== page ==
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9/11 Kids is about a unique group of Americans: the 16 schoolchildren who were with President George W. Bush on the morning of September 11, 2001.
Many will remember the moment: a group of adorable second graders reading My Pet Goat to the President when all of a sudden White House Chief of Staff Andy Card hurries over and whispers to Bush: ”America is under attack.” Never before in history has the President been caught on camera at the exact moment he learns of something so momentous.
The place was Emma E. Booker Elementary school in Sarasota, Florida. The kids, all six or seven years old, were chosen because they were some of the best readers at Booker, a place where test scores were way up compared to other schools in the district. It was the perfect place for Bush to promote his education program, No Child Left Behind. September 11, 2001 was supposed to be about education, these children, and hope for the future.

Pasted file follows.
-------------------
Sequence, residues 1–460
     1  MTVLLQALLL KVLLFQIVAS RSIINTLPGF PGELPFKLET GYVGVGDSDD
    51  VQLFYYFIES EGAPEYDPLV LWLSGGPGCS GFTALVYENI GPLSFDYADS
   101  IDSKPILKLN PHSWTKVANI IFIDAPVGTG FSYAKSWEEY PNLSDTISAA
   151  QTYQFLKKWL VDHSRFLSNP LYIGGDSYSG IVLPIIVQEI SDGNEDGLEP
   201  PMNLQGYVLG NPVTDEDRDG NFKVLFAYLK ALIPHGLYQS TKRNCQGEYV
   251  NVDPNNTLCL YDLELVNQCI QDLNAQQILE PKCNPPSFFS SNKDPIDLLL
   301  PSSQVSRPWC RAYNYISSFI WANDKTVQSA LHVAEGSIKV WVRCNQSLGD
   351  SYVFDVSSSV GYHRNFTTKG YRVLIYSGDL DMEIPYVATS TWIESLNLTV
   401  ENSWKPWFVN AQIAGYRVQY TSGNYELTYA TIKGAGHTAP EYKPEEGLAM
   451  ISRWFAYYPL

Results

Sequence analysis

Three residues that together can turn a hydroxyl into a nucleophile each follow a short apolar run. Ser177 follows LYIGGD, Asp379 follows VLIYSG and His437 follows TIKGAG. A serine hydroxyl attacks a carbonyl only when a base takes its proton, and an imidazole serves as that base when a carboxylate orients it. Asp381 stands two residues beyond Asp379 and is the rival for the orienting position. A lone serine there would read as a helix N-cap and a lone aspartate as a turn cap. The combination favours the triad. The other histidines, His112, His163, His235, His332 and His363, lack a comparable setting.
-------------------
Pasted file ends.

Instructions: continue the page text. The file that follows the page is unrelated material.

The film tracks down the kids today to find out what’s happened since. They are all in their mid-20s, trying to find their footing in a country and world that changed so much after 9/11. Their stories are narratively rich and diverse: some have been remarkably successful, while others have fallen on hard times and the film follows their struggle to overcome shocking personal tragedies.
Produced and created by Steve Gamester, the film has been commissioned by documentary Channel’s Jordana Ross and Sandra Kleinfield. Elizabeth St. Philip serves as Director and Writer. The executive Producer for Saloon Media is Michael Kot.
Premiering on Thursday April 23 at 8PM on CBC and repeating 9PM ET/PT on the documentary Channel. Also on CBC Gem.